It has some room for improvisation but the main thrust is the rather wonderfully voiced ensemble writing. The improvisations extend the mood and tonal thrust of the composition as a whole quite nicely. But it is especially in the body of the written syntax that we find a kind of musically subtle nirvana.
Detrick's music is lyrical with the tang of modernism to situate the feelings and bring us to the middle of that rush of a world. Douglas remarks in the liners that once he finished composing the work it gained a life of its own. That is certainly true of any creative act, and yet in the musical personality of the quintet's performance we find that Detrick himself still lives, of course. Not in any mundane sense. The performances are themselves a big factor in the success of the work. The ensemble has a definite personality that reflects no doubt Detrick's vision of the music.
So you put the two together and you have a disk that sings with the best of so-called "Third Stream" qualities--the modern classical and the jazz sensibility joined together for a work that has genuine thrust. It makes me want to hear Detrick write for a larger ensemble, though this quintet work stands on its own without the help of further works to validate the musical sensitivity and talent of Douglas Detrick. That's already here. Captured on disk for us.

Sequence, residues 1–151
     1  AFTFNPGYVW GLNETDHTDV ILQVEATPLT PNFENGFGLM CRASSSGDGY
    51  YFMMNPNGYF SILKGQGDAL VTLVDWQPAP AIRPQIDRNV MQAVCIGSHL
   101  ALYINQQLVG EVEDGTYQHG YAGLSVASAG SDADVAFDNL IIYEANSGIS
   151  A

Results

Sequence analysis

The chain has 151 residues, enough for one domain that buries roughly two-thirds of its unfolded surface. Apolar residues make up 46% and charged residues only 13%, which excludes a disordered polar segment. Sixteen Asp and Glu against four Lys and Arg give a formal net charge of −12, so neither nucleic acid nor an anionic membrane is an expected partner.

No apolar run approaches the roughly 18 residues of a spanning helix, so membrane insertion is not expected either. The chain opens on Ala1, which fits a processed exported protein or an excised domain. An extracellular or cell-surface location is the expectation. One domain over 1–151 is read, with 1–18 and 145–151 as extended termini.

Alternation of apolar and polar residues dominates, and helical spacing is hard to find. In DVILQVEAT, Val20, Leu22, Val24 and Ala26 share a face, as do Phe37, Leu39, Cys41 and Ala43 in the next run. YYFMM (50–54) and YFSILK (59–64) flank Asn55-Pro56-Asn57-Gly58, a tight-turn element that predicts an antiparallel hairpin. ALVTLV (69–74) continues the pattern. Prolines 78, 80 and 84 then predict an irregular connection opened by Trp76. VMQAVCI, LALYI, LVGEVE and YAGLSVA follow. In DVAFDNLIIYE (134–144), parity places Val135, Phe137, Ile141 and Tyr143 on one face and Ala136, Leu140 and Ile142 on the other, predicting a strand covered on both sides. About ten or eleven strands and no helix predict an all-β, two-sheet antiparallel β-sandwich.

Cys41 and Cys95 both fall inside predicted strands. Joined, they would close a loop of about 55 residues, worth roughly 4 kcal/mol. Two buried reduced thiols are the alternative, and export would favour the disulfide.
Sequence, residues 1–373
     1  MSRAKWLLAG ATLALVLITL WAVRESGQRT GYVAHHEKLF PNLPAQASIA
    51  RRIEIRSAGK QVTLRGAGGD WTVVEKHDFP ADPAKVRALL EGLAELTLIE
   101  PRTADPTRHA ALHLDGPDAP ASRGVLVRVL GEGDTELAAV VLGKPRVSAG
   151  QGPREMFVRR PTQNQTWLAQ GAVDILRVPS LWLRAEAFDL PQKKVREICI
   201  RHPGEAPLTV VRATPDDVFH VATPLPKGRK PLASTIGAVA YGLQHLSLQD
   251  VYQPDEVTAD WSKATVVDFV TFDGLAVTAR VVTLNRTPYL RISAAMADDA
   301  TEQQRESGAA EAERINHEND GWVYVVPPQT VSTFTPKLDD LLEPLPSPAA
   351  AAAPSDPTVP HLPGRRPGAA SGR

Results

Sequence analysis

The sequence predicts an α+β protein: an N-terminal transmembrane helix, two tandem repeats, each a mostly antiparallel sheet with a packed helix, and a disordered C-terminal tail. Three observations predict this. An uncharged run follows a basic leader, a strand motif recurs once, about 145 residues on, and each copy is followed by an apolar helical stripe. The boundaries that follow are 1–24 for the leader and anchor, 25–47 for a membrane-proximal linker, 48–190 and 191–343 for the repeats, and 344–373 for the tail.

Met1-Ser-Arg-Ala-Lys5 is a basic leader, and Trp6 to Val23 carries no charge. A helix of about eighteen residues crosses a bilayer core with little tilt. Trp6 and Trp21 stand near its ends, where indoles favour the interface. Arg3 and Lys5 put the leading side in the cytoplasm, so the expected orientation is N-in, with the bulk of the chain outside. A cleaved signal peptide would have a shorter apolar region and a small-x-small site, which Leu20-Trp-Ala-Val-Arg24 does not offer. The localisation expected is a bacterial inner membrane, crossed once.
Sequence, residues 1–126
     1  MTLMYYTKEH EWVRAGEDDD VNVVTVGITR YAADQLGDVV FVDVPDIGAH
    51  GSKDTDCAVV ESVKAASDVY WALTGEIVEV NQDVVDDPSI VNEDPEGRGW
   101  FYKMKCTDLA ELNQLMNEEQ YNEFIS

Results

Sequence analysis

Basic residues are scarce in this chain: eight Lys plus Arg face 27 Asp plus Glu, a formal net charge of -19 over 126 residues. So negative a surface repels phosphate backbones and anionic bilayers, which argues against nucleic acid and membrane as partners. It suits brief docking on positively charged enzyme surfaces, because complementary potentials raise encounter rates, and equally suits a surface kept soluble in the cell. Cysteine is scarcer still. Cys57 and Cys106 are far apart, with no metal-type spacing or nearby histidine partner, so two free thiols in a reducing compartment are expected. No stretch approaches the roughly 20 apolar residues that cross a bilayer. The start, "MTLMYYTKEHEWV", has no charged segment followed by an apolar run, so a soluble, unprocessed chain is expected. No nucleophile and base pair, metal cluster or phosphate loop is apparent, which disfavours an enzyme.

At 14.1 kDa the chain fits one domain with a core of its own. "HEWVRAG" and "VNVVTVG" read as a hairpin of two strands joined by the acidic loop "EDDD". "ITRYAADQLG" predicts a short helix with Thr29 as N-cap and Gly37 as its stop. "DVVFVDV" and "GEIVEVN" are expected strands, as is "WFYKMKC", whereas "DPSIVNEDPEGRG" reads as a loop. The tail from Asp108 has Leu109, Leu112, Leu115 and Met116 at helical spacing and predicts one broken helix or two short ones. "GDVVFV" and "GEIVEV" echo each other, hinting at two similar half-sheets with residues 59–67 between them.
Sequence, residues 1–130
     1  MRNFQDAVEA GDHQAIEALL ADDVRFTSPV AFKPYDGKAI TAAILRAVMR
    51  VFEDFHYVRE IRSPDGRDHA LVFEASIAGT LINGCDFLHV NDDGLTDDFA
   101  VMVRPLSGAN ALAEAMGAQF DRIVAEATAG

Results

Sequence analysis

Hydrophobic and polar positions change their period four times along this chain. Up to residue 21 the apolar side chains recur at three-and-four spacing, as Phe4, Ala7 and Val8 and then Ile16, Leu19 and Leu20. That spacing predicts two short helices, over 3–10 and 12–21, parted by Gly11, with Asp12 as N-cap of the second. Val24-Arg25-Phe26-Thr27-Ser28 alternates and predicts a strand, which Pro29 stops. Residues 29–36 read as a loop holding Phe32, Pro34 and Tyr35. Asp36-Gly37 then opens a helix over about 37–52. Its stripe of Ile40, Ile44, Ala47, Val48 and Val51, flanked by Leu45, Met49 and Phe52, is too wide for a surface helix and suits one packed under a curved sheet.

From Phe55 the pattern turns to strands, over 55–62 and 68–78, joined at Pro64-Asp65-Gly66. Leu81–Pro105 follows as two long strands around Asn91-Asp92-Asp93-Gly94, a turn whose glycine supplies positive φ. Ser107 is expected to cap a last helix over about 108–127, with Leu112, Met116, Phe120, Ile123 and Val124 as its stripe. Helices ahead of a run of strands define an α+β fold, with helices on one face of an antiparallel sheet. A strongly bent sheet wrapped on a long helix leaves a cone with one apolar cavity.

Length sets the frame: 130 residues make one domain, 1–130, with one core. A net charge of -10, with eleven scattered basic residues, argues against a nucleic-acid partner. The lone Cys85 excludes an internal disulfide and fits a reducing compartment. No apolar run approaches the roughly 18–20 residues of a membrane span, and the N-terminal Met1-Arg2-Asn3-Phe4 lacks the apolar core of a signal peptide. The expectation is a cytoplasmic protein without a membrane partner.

I find this album intriguing, so much so that I do not care where it fits or what "school" it belongs to. It is an excellent work that sounds better every time I hear it.
The rise of the AACM taught us that composition and improvisation can be whatever it pleases, depending on the creativity and will of the music makers. It may partake of classical elements whenever it wishes. What counts is the result. Detrick triumphs in that way here. Give it a close listen!